Edited by Aura Reggiani and Peter Nijkamp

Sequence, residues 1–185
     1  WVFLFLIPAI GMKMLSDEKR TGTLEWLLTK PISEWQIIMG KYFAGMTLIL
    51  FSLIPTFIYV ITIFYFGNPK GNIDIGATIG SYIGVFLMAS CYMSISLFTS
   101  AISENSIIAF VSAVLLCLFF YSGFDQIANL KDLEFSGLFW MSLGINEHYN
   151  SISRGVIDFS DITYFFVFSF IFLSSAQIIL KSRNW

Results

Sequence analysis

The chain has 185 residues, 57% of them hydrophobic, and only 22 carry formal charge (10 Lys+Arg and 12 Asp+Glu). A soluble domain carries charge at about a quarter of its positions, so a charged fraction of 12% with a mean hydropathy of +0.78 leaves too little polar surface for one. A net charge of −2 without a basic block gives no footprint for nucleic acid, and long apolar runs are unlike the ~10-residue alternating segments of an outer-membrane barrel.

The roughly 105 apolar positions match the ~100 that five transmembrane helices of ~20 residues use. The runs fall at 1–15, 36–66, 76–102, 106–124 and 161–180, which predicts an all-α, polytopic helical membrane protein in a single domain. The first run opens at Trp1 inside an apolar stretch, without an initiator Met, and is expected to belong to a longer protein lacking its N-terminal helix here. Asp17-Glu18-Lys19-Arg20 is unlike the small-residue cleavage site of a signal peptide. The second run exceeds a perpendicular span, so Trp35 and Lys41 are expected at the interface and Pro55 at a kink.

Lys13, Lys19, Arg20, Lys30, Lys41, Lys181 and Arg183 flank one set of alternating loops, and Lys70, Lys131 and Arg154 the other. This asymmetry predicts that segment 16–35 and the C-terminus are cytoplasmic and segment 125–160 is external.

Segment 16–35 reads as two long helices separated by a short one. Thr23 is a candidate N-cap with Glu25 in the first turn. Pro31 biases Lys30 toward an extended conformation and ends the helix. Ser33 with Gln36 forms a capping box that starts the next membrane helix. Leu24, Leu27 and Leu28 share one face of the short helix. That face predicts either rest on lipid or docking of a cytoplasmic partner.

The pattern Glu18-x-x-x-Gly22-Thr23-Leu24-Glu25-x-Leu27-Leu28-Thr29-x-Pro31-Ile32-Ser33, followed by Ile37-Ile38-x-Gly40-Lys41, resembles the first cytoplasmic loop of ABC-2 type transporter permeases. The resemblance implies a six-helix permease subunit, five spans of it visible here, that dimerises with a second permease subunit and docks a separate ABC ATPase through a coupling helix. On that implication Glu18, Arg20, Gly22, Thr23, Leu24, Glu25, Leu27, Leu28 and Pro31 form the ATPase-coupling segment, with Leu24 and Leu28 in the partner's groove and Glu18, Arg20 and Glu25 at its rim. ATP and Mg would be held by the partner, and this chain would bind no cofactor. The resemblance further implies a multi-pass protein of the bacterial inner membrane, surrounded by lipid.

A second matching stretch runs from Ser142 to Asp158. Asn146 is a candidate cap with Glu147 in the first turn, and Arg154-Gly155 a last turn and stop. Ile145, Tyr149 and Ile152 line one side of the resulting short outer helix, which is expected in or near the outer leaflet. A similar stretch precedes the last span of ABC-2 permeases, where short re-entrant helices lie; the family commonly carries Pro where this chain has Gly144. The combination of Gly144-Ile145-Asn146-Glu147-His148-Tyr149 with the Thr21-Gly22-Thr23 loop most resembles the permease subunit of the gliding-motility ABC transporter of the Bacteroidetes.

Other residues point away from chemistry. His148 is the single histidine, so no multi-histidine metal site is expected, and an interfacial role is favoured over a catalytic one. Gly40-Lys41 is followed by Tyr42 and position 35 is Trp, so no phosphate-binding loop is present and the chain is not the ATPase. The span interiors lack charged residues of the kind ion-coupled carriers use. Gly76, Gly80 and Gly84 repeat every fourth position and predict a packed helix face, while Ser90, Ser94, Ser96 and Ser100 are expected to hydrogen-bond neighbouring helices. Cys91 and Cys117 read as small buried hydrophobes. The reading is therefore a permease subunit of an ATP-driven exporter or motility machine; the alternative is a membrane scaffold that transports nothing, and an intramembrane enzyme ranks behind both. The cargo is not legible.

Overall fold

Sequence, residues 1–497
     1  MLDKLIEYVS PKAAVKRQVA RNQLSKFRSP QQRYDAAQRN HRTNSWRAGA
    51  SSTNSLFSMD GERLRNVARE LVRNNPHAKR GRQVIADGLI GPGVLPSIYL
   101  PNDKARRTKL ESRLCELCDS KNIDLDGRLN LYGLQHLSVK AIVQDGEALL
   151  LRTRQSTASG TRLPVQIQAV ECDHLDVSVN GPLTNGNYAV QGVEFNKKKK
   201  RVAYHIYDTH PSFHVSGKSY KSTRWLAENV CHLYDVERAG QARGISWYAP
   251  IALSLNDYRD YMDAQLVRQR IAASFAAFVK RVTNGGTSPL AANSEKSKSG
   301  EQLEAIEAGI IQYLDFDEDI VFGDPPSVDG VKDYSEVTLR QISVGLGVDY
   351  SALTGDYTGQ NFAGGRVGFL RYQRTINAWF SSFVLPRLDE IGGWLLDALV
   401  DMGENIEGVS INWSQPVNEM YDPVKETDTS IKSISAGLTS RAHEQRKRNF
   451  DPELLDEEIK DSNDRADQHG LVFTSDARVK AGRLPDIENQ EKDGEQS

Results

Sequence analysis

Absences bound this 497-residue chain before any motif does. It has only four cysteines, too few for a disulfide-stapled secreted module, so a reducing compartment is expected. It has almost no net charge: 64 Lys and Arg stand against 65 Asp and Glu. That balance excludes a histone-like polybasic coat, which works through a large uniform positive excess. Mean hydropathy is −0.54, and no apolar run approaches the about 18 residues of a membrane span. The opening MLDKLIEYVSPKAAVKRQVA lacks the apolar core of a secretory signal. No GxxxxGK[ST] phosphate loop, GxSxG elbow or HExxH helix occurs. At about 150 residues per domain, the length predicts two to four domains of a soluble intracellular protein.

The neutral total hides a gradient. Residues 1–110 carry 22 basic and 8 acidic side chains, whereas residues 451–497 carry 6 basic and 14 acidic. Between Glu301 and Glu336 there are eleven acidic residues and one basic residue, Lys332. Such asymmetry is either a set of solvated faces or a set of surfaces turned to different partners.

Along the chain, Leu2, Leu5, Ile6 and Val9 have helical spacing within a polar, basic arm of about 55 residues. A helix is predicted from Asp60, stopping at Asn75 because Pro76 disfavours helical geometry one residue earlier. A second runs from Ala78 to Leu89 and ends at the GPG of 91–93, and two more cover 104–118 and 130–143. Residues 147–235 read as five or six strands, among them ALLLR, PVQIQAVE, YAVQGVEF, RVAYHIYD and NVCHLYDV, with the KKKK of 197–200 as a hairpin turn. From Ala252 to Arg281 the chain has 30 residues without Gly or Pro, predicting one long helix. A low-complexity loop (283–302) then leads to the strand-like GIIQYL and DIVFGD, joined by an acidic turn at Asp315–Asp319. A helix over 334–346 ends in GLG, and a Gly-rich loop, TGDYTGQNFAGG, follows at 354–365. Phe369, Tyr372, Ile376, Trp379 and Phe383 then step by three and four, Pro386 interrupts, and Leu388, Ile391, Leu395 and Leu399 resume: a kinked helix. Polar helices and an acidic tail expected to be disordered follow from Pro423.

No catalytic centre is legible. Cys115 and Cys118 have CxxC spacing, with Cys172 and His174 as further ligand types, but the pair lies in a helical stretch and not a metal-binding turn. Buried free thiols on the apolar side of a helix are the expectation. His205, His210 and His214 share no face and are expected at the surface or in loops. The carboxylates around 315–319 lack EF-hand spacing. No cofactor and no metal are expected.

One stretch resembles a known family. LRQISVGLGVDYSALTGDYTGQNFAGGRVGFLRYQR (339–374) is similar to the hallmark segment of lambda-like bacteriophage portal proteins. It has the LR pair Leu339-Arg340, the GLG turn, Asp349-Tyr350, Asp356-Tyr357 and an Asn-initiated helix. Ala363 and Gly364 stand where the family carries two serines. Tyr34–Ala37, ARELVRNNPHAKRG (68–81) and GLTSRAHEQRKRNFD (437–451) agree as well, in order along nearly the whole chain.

Aura Reggiani and Peter Nijkamp 1.1 PROLOGUE Modern spatial systems are in a permanent state of flux, in which static equilibria are replaced by varying space–time structures. Spatial dynamics – of urban, regional, transportation, environmental, industrial and social systems – has become a common feature of modern societies that undergo fundamental change. The background of these transformations is manifold, ranging from changes in political systems (for example, the fall of the Iron Curtain) to changes in lifestyle (for example, a trend towards individualism). All such changes have an impact on both the supply and demand of our infrastructural and communication systems. Locational and residential patterns display a high degree of volatility, as spatial network use and design are intertwined in a complex dynamics that is often unpredictable. Economic principles, socio-psychological change patterns, political constraints and technological conditions may sometimes retard and sometimes accelerate fluctuations in such spatial systems, but the backgrounds and directions of change in such movements are sometimes difficult to trace. The lack of appropriate information systems yet again hampers a solid and testable analysis of structural change in open economies. The dynamic complexity of emerging spatial systems is a research challenge, as spatial systems are subjected to both integrative and disintegrative forces. In recent years, we have witnessed new developments and rapid progress in advanced modelling efforts that address complex spatial dynamic systems. At both a micro and a macro level, promising endeavours have been made to come to grips with the complex evolution of the modern multi-faceted...
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